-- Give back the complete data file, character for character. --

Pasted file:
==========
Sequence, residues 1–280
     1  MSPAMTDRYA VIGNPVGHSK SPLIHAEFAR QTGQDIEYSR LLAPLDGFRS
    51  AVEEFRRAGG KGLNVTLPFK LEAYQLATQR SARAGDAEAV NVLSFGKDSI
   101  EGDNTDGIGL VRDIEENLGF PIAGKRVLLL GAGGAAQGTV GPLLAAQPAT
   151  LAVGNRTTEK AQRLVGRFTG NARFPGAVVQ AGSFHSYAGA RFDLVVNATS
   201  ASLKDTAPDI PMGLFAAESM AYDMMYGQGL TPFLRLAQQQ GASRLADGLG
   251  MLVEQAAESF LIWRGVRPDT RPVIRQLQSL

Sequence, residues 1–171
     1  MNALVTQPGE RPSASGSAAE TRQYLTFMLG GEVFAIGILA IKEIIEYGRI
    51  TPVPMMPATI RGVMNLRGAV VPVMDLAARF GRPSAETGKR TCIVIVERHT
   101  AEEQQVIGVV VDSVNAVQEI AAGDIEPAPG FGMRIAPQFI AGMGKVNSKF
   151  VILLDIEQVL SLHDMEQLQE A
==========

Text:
Sequence, residues 1–280
     1  MSPAMTDRYA VIGNPVGHSK SPLIHAEFAR QTGQDIEYSR LLAPLDGFRS
    51  AVEEFRRAGG KGLNVTLPFK LEAYQLATQR SARAGDAEAV NVLSFGKDSI
   101  EGDNTDGIGL VRDIEENLGF PIAGKRVLLL GAGGAAQGTV GPLLAAQPAT
   151  LAVGNRTTEK AQRLVGRFTG NARFPGAVVQ AGSFHSYAGA RFDLVVNATS
   201  ASLKDTAPDI PMGLFAAESM AYDMMYGQGL TPFLRLAQQQ GASRLADGLG
   251  MLVEQAAESF LIWRGVRPDT RPVIRQLQSL

Sequence, residues 1–171
     1  MNALVTQPGE RPSASGSAAE TRQYLTFMLG GEVFAIGILA IKEIIEYGRI
    51  TPVPMMPATI RGVMNLRGAV VPVMDLAARF GRPSAETGKR TCIVIVERHT
   101  AEEQQVIGVV VDSVNAVQEI AAGDIEPAPG FGMRIAPQFI AGMGKVNSKF
   151  VILLDIEQVL SLHDMEQLQE A